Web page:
When it comes to assessing the truth of the major world religions, astute observers can recognize that some of their beliefs seem logically disconnected and even self-contradictory. Some Eastern religions even disparage logic in favor of something that lies beyond logical categories.
But what about historic Christianity? Does it fare any better in terms of systematic connectedness?
Can the great doctrinal truths of historic Christianity hold together as a logical system? If so, how might one connect such systematic theological categories as God, creation, man, Christ, and salvation into an interconnected structure?
As an instructor in logic, I see critical logical connections between these essential Christian categories of doctrine. I’ll outline four brief examples here and invite readers to consider my fuller writings on the topics in the resources below.
1. The Trinity makes the incarnation possible.
The triune nature of God means that God is one in essence or being but three in subsistence or personhood (one God in three persons). So the Father, the first person of the Trinity, sends the second person of the Trinity, the Son, into the world. The Son of God maintains his divine nature and yet also takes a human nature, making him the God-man. So Jesus Christ is therefore a single person with both a divine and human nature.
2. Creation facilitates the incarnation.
As the crown of creation, human beings are made in the image of God. Thus, man uniquely bears the divine image—something not true of the angels and animals. This uniqueness means not only that human beings are like God but also that the second person of the Trinity could take a human nature that was, in effect, especially well-suited for him. God the Son took a human nature that was modeled after him. This unique aspect of creation relating to God’s image in man cleared the way for the future incarnation of God in human flesh.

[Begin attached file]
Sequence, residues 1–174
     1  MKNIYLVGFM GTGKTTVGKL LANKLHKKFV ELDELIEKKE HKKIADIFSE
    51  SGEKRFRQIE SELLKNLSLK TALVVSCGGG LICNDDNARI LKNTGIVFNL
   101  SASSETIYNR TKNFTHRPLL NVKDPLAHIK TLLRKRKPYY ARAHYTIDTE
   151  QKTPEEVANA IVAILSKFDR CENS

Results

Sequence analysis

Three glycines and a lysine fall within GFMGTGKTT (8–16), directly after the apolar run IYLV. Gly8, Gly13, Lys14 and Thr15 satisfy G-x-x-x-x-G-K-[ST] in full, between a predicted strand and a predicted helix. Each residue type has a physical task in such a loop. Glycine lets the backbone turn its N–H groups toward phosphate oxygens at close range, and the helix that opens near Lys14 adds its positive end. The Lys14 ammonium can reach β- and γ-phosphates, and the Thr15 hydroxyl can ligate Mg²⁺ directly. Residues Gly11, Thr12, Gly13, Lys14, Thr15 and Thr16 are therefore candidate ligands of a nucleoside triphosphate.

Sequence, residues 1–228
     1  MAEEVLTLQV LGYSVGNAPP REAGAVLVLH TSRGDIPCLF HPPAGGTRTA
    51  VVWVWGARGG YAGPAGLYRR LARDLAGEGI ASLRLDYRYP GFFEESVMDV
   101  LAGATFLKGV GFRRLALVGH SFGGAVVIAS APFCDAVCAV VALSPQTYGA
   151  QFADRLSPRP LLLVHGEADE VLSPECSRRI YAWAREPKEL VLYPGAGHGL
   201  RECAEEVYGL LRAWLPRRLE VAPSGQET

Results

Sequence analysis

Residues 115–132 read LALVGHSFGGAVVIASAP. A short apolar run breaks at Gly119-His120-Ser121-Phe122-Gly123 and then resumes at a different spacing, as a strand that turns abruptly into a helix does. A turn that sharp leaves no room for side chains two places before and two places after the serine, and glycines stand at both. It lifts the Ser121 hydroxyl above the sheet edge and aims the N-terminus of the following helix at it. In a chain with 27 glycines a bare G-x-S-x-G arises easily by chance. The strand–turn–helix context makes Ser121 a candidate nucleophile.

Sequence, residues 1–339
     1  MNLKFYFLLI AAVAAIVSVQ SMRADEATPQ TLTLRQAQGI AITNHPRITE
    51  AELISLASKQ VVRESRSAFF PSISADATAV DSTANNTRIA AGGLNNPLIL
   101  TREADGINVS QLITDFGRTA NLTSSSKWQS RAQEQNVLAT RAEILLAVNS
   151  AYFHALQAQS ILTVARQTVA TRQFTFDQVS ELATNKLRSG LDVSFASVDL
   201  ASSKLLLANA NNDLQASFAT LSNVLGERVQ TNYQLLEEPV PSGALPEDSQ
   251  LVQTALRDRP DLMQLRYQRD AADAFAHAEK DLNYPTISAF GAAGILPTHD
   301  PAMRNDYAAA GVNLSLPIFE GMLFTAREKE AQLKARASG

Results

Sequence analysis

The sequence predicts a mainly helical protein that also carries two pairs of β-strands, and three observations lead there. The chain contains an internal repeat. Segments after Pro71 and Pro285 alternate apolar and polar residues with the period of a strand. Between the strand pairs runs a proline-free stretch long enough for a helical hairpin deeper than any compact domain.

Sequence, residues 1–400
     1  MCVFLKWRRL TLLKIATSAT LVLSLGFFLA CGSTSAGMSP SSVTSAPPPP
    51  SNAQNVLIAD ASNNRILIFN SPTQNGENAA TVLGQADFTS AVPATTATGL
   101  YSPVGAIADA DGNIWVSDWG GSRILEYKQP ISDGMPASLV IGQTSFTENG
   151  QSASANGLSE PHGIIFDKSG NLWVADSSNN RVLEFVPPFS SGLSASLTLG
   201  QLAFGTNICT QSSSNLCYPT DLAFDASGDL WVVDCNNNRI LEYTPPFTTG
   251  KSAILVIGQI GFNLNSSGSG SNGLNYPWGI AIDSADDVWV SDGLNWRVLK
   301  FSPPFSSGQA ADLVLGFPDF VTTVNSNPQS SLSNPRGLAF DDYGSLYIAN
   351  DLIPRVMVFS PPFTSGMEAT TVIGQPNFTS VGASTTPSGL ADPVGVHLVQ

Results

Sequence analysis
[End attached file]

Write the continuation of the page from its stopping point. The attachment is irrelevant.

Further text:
3. The incarnation makes salvation possible.
In historic Christianity, salvation comes about when sinful human beings are forgiven for their transgressions and reconciled to God through faith in Jesus Christ. Yet that salvation is possible because Jesus Christ represents both parties involved in salvation. In other words, Jesus Christ’s life, death, and resurrection can unite God and man because the Savior bears and represents both natures and thus both parties. The God-man reconciles God and man.
4. The nature of the incarnate God justifies salvation for believers as well as eternal punishment for nonbelievers.
To sin against an eternal God is to commit an eternal sin. Therefore, eternal punishment is a just accompanying sentence. But to be forgiven of an eternal sin takes an atonement that can only be performed by an eternal being and person. Thus, the nature of the incarnate God (in Christ) makes sense of eternal divine punishment and eternal divine salvation.
Historic Christianity’s systematic categories of God, creation, man, Christ, and salvation illustrate a logical interconnectedness. This consistency is evidence of Christianity’s truth.
Reflection: Your Turn
Which of these points of doctrinal interconnectedness do you find the most engaging?
I write about the logical connectedness of Christian doctrine in these three books:
- Christianity Cross-Examined: Is It Rational, Relevant, and Good? In this book I answer 12 questions about historic Christianity’s truth, relevance, and goodness.
- Without a Doubt: Answering the 20 Toughest Faith Questions: In this book I answer 20 common questions and objections about God, Christ, and Christianity.
- A World of Difference: Putting Christian Truth-Claims to the Worldview Test: In this book I address issues pertaining to the Christian worldview and its relationship to competing worldviews.